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Unicode is a standard for computers to make them able to show text in different languages. Unicode standards are promoted by the Unicode Consortium and based on ISO standard. Their goal is to replace current/previous character encoding standards with a single worldwide standard for all languages. There are almost 100,000 characters in the latest definition of Unicode.
Unicode can be used for texts in about every national language and most other languages including European, middle-east and Asiatic ones.
Unicode was developed in the 1990s and integrated earlier codes used on computer systems.
Unicode provides printable characters such as letters of most alphabets in different cases, digits, diactrics, punctuation marks. It also provides characters which do not actually print but instead control how text is processed, for example line endings, or right to left.
Unicode allow to express English words with diacritics such as café, résumé, zoölogy, blessèd, Bön or piña colada.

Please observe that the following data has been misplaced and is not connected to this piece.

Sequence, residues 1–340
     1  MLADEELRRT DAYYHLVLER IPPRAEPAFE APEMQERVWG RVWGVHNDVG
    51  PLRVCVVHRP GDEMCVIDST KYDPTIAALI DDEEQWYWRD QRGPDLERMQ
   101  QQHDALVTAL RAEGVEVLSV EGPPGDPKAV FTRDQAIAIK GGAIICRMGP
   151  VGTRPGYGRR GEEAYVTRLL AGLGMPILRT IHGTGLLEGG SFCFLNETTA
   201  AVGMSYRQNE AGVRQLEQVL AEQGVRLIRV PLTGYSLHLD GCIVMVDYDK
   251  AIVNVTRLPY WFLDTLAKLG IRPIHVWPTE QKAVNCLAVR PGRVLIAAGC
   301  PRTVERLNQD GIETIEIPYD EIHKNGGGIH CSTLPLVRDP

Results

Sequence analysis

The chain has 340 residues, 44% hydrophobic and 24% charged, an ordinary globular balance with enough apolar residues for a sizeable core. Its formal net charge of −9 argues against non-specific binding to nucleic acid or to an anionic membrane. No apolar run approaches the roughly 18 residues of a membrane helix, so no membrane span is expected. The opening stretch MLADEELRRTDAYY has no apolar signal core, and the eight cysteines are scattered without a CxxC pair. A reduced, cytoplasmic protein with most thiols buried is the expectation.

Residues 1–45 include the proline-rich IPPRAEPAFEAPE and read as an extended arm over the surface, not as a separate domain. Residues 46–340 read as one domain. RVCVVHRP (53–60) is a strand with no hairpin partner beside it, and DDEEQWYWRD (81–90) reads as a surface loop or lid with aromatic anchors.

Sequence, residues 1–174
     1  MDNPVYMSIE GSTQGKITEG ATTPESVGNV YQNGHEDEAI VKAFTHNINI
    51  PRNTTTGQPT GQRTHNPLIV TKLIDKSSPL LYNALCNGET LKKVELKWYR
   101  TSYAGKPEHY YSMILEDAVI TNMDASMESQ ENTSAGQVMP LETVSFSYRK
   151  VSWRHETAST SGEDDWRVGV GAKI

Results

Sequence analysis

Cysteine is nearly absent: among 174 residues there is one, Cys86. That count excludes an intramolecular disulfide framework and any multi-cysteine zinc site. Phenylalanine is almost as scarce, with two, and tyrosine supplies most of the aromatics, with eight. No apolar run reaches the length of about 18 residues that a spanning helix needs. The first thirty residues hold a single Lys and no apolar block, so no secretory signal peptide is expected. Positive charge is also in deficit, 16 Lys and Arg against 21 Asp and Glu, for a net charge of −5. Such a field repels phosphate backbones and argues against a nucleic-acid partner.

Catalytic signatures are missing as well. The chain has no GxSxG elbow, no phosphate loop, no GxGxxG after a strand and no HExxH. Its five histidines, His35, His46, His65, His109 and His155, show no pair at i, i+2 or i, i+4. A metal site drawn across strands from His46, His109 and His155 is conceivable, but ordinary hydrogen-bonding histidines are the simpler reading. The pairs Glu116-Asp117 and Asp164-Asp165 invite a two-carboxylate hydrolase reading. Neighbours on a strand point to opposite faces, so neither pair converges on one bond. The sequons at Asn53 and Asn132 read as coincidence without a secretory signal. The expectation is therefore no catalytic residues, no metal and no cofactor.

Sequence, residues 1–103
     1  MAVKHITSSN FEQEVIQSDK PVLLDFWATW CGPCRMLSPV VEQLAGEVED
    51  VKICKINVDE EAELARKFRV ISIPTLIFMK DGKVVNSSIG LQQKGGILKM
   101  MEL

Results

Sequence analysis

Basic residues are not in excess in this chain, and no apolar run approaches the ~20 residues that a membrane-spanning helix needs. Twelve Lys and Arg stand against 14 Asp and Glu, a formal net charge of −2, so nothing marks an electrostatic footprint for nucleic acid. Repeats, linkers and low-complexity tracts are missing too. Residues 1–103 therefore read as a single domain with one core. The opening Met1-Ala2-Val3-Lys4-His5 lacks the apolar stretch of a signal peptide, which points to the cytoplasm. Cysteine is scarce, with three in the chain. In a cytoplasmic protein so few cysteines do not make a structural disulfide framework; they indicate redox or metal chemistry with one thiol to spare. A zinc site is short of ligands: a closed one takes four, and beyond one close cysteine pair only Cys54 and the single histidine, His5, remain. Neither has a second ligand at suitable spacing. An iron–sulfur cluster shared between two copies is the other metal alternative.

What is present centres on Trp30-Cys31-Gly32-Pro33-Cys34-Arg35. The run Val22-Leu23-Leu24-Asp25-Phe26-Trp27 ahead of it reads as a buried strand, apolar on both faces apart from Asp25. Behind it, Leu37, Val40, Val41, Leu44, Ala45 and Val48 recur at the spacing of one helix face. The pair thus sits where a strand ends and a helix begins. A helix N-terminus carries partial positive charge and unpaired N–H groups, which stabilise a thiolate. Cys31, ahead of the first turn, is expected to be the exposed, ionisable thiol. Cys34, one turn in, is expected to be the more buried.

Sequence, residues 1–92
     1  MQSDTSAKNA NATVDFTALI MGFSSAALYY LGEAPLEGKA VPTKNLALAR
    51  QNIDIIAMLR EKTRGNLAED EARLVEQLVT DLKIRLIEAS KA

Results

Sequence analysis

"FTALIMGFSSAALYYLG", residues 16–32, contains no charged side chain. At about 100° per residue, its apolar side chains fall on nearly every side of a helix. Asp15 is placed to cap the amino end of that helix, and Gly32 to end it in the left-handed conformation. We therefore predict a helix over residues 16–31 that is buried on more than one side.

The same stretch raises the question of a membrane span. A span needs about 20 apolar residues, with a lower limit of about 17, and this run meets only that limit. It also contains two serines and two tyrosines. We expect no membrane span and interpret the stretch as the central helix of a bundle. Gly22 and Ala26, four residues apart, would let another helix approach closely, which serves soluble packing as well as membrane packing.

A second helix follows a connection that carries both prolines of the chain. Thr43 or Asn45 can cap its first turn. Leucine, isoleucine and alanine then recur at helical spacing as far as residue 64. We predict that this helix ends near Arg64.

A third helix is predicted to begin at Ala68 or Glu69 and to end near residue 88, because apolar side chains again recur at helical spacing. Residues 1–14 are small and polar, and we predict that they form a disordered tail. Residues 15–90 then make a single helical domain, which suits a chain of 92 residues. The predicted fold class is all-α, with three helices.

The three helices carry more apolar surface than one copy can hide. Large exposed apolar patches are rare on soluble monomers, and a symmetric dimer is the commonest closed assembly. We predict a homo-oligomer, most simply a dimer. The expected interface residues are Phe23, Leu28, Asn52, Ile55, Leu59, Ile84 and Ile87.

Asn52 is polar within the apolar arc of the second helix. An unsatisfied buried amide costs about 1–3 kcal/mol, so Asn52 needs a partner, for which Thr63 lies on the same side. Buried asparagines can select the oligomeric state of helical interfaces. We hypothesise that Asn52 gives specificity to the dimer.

Unicode consider a graphical character (for instance é) as code point (alone or in sequence [e+ ‘] ). Each code point is a multidigit number which can be encoded in one or several code units. Code units are 8 bits 16 bits or 32 bits. This allows to represent those many characters by sequences of two symbols (zero and ones).
There are different ways to encode Unicode, the most common ones are:
- UTF-7 Uses 7 bits per character; relatively unpopular; officially not part of Unicode
- UTF-8 Uses 8 bits per character; a variable-width encoding that keeps compatibility with ASCII; the most common characters can be coded in 2 bytes
- UTF-16 Uses 16 bits per character; also variable-width encoding
- UTF-32 Uses 32 bits per character; a fixed width encoding